We nurture intellectual curiosity
to create lifelong learners.
At Episcopal, you are prepared for the kind of learning you’ll experience in college and beyond. Students are challenged to think critically and conceptually and explore their intellectual curiosity.
The School's faculty displays an outstanding academic background, excellent character, and dedication to the overall well-being of the students. Ongoing professional development and training opportunities, support for earning advanced degrees and a true passion for teaching in the most innovative ways sets our faculty apart. The faculty affirms the ultimate worth of each student to form healthy self-esteem and respect for others.
The Harkness Method, used in many humanities classrooms, is an established and cherished way of instruction which fosters students’ curiosity, initiative, creativity, intellectual and personal confidence, enthusiasm, authenticity, grit, and problem-solving. Students sit around a table and the teacher serves as a moderator for a lively discussion in which everyone participates. Students have equal opportunity to provide input and lead the class, allowing for healthy debate discussion and meaningful homework.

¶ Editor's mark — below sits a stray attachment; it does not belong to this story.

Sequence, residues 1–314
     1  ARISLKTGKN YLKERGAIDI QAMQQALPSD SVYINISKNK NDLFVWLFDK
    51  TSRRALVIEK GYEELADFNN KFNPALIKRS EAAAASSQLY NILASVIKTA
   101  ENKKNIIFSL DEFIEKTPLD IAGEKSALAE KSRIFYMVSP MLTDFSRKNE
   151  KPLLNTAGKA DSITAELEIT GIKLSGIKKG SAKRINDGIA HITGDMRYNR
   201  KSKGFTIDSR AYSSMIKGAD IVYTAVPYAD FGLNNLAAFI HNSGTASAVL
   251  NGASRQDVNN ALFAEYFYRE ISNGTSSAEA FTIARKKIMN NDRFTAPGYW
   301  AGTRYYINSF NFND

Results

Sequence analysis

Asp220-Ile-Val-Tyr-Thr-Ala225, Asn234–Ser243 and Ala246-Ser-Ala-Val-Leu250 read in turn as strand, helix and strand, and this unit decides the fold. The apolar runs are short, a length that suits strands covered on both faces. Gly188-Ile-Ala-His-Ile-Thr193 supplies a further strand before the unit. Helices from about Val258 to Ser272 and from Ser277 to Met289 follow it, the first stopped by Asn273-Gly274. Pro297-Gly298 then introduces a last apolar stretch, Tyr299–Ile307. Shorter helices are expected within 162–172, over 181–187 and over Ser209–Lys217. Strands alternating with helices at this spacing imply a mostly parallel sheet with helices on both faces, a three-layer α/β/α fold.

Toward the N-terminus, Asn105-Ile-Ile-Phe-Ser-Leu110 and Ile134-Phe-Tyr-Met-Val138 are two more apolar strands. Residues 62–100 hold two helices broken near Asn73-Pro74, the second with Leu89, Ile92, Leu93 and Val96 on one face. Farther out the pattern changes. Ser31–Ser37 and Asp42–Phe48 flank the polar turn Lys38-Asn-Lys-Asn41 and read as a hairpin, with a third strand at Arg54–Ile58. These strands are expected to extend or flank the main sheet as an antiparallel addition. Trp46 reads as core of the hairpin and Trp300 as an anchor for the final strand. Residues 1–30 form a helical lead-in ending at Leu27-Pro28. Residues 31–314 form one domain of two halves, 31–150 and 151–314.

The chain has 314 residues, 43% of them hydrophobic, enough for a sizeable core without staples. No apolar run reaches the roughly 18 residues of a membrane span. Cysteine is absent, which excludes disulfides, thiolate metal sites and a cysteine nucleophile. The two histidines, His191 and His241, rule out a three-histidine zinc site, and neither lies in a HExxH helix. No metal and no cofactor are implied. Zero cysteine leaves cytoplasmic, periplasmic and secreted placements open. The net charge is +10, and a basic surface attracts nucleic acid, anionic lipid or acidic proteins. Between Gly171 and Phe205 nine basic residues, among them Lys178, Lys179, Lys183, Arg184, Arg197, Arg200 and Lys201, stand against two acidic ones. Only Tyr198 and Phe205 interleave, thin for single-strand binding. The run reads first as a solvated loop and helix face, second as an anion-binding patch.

Small class sizes mean students are known as individuals; this facilitates helping students learn how they learn best, as well as allowing us to recommend individual courses of study that are specific to a student’s particular strengths, interests, and goals. Academics are rigorous but faculty takes care to work with students both in and out of class in the pursuit of personal growth and success.
Episcopal classes authentically integrate the use of technology but they are not driven by technology for technology’s sake. Students become proficient in the use of scientific and graphing calculators, e-chats and e-forums, internet research, turnitin.com, and a variety of mobile device apps that are pertinent to individual disciplines.
The Honor Code has existed at Episcopal since the school’s inception. As stated in the founding document of the school, “The Honor Code should not be a set of rules but rather a philosophy of personal and group honor and integrity. Anything which is dishonest should be considered a violation of the Code, and the areas included would be lying, cheating, and stealing.” More than fifty years later, the Honor Code is still an integral part of how we understand ourselves as an educational community. All students, faculty, and staff of Episcopal all sign the Honor Code, supporting the values expressed in the school’s founding document.